City officials reiterate Boulders, Crescendo properties are not for sale

Conservationists and others with an eye on City Hall are keenly aware whenever the parcels are discussed. They fear the city will sell the land worth tens of millions of dollars without public input.
Two valuable parcels of vacant land owned by the city, seen here on either side of a neighborhood, are not for sale, city officials stressed again Monday evening.

Palm Springs officials cleared the air Monday evening regarding the fate of land once scheduled for development but now owned by the city that has drawn the attention of conservation groups and City Hall watchers.

Driving the news: Each year, the city must give the state an inventory of all its unused property. In the list, staff must identify the individual parcels as either “surplus” (no longer needed and eligible for sale) or “excess” (not currently needed but being kept for possible future use).

Local reporting and journalism you can count on.

Subscribe to The Palm Springs Post

  • The inventory and associated designations are listed in a staff report first reviewed in a City Council closed session and then approved for sending to the state in an open session. A unanimous vote to send the inventory to the state happened Monday evening in an open session.

Yes, but: Of the 17 parcels of land included in the inventory, two are pretty touchy subjects. Both were slated for development by the company responsible for the revitalized portion of Downtown Palm Springs — now known as Grit Development — that was also wrapped up in an alleged bribery case involving a former city mayor.

  • The city received the parcels — 42 acres known as Crescendo and 31 acres named Boulders — as part of a settlement with the company related to the bribery case. City leaders promised they would work to ensure the land remained open space.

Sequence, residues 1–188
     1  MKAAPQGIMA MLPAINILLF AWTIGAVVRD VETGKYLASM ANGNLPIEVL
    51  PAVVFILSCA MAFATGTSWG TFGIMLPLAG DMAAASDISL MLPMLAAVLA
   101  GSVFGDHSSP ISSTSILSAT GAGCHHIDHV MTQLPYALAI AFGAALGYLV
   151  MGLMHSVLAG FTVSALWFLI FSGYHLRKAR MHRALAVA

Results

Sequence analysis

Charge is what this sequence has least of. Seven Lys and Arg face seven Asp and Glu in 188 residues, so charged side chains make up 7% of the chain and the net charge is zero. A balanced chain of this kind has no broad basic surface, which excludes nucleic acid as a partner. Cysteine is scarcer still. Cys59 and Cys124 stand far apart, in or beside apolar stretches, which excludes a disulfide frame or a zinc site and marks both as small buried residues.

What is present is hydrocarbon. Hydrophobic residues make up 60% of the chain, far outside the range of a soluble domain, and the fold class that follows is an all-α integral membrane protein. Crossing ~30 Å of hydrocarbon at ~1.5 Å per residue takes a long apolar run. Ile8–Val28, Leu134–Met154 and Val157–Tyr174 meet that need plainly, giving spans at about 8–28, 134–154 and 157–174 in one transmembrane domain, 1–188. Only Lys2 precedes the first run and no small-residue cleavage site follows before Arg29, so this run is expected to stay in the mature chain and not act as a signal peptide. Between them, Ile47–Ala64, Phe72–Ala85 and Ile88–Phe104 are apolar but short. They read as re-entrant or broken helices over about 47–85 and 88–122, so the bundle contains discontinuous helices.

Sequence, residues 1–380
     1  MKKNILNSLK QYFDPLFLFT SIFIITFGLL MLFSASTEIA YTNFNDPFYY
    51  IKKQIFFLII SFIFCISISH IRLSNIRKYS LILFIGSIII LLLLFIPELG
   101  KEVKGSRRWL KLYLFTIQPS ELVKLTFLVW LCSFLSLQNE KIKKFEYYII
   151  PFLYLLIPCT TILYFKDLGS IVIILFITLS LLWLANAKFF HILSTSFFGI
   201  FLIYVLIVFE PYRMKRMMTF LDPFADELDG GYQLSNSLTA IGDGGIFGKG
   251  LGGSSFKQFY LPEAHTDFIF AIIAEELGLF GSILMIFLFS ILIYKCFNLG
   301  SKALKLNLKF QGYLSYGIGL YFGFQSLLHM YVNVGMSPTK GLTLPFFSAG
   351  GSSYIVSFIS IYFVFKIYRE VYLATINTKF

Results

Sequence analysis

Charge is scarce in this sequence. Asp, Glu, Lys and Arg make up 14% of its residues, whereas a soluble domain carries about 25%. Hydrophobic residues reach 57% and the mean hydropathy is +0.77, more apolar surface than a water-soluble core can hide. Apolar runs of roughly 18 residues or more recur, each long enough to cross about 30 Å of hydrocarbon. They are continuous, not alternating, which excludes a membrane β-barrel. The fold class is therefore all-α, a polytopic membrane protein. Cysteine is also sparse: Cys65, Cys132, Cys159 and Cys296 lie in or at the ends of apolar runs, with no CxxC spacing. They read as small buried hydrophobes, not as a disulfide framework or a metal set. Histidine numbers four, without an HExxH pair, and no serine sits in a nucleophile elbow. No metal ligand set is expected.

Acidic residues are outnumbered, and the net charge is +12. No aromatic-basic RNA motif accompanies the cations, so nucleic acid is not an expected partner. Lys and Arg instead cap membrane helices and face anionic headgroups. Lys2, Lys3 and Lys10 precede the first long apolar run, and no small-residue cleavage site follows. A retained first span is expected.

Conservationists and others with an eye on City Hall are keenly aware whenever the parcels are discussed. They fear the city will sell the land worth tens of millions of dollars without the public getting a chance to weigh in. Since they were listed on the inventory discussed in a closed session, those fears surfaced again.

  • City officials again stressed Monday evening that there could be no change of the designation for the properties from “excess” to “surplus” without a process lasting months.
     
  • “And to be clear, that would happen at an open meeting of the City Council,” said City Attorney Jeff Ballinger.

Click here for the staff report with the property list the city will send to the state.

This site uses cookies to provide you with a great user experience. By continuing to use this website, you consent to the use of cookies in accordance with our privacy policy.

Sign up for news updates.

Receive vital news about our city in your inbox for free every day.

100% local.

The Post was founded by local residents who saw gaps in existing news coverage and believed our community deserved better.

Scroll to Top